12345     Susan White      N              06/07/67 
    12345     Susan Smith      Y              03/01/04
    - The_Duck
    you can lead someone to something but they will never learn anything ...

  9. #9
    Join Date
    Dec 2003
    Location
    Buenos Aires, Argentina
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    I agree with the Duck, that would be a good solution.
    Regards,

    Manf

  10. #10
    Join Date
    Jul 2003
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    2,296
    to add to that, for the PK you could also have
    a unique name_id (sequence) to represent each name.

    Code:
    name_id    cust_id
    56781       12345
    95628       12345
    PHP Code:
    select from customer_name
    where name_id 
    =
    (
    select max(name_idfrom customer_name
    where cust_id 
    12345); 
    - The_Duck
    you can lead someone to something but they will never learn anything ...

  11. #11
    Join Date
    Jun 2003
    Location
    Ottawa
    Posts
    105

    ERD or Data Model?

    Is your table strictly for reporting or is it operational?

  12. #12
    Join Date
    Jun 2003
    Location
    Ottawa
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    105
    Quote Originally Posted by The_Duck
    customer ID with an ACTIVE indicator and an active date.
    Code:
    Cust_Id      Name      Active_Ind       Active_Date
    12345     Susan White      N              06/07/67 
    12345     Susan Smith      Y              03/01/04

    Why not a surrogate key? For true history preservation, you would want to join to the transaction table as the customer was at the time of the transaction.

    i.e

    cust_sid cust_id name
    1 12345 Susan White
    2 12345 Susan Smith

    order_no cust_sid
    O1 1
    O2 1
    O3 2

    we now know, she placed orders 1 and 2 as Susan White, and O3 as Susan Smith...elegant! Kimball.....very smart man.

  13. #13
    Join Date
    Jul 2003
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    my second post added a key for just what you described.
    - The_Duck
    you can lead someone to something but they will never learn anything ...

  14. #14
    Join Date
    Nov 2003
    Location
    SF Bay Area
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    18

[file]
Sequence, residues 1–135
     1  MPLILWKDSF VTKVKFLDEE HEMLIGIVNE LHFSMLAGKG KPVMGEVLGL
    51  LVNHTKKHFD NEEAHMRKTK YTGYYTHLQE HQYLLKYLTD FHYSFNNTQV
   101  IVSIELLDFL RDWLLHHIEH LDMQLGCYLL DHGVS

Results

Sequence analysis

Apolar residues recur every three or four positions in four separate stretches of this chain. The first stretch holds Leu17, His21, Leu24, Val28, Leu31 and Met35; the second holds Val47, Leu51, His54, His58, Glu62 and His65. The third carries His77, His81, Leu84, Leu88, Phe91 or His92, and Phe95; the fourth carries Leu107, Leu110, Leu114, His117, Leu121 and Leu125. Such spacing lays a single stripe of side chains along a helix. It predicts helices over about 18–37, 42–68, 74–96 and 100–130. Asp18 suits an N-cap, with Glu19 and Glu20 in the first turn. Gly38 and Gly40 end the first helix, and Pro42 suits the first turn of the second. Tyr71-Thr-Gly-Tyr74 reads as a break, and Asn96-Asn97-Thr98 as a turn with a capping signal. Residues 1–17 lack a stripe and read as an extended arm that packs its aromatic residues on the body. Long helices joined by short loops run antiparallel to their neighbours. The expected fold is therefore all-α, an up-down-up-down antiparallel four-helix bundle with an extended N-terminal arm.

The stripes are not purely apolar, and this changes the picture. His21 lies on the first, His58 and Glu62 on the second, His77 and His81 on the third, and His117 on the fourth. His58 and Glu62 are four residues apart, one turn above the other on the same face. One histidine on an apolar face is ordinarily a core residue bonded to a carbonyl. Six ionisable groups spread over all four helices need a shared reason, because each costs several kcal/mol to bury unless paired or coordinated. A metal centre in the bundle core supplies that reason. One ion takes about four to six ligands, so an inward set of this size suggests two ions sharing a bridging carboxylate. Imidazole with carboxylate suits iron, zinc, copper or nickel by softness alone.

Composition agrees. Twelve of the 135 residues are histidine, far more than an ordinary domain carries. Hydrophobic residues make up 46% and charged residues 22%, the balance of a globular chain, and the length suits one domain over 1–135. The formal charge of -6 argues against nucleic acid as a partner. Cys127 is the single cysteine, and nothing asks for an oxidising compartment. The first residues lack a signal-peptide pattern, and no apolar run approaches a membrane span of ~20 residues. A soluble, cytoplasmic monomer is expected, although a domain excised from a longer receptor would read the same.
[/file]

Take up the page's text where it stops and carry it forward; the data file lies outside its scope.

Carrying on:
This is an operational table. The application is required to build temporal view of an entities attributes begining in time at the first known attribute about the entity, while versioning changes.

    As attributes are added or modified over time, the changes need to be versioned. The goal is to build a timeline of attributes that applied to an entity for the life of the entity. I am not an expert at warehousing, but this seems to be right in line with this.

    The design I am currently leaning towards looks a bit like The Ducks proposal with the addition of current view tables for performance.

    Something like this:


    CREATE TABLE IDENTITY (
    first_name,
    middle_name,
    last_name,
    suffix,
    title,
    start_date,
    end_date,
    instime,
    status,
    person_id
    );

    ALTER TABLE IDENTITY
    ADD ( PRIMARY KEY (person_id, start_date, end_date, status) ) ;

    CREATE TABLE IDENTITY_HISTORY (
    identity_no,
    first_name,
    middle_name,
    last_name,
    suffix,
    title,
    person_id,
    start_date,
    end_date,
    status
    );

    ALTER TABLE IDENTITY_HISTORY
    ADD ( PRIMARY KEY (identity_no) ) ;

    CREATE TABLE PERSON (
    person_id,
    person_type,
    start_date,
    end_date,
    instime,
    updtime,
    worker_class_id
    );

    ALTER TABLE PERSON
    ADD ( PRIMARY KEY (person_id) ) ;

    ALTER TABLE IDENTITY
    ADD ( FOREIGN KEY (person_id)
    REFERENCES PERSON ) ;

    ALTER TABLE IDENTITY_HISTORY
    ADD ( FOREIGN KEY (person_id, start_date, end_date, status)
    REFERENCES IDENTITY ) ;

    ALTER TABLE PERSON
    ADD ( FOREIGN KEY (worker_class_id)
    REFERENCES WORKER_CLASS ) ;